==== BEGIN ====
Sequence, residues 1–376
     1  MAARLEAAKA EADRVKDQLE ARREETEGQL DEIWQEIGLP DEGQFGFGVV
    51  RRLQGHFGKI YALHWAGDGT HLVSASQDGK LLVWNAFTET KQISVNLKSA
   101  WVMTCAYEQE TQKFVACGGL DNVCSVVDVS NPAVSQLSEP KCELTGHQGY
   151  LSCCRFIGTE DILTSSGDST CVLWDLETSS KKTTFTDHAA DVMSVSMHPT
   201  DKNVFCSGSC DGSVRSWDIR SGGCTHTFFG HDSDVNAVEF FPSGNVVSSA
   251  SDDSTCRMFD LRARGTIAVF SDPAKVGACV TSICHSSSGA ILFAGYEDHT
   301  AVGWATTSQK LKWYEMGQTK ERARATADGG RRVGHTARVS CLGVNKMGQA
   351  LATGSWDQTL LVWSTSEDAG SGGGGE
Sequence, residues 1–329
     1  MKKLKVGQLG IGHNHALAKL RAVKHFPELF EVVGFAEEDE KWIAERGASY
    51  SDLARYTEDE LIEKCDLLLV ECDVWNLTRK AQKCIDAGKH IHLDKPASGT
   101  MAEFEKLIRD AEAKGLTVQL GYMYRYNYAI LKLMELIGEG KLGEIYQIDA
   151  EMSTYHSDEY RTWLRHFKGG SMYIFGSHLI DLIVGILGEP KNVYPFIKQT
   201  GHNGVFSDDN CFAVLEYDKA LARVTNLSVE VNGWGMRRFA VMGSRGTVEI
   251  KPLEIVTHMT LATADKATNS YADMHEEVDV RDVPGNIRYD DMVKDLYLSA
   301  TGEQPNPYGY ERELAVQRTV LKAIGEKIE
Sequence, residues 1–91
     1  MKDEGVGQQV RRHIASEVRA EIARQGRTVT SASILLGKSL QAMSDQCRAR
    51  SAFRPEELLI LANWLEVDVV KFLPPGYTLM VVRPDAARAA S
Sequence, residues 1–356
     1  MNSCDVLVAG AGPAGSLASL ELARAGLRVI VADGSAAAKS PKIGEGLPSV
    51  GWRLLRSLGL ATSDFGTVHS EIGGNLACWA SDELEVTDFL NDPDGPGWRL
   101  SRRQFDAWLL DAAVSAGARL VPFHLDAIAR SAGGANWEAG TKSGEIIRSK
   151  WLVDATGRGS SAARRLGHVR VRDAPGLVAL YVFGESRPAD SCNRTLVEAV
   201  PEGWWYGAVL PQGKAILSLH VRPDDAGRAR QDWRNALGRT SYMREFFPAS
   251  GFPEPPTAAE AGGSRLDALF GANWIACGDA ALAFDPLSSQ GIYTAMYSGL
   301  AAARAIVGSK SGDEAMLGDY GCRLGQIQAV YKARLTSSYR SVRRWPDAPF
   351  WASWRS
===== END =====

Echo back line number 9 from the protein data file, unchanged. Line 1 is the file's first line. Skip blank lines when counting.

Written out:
   351  LATGSWDQTL LVWSTSEDAG SGGGGE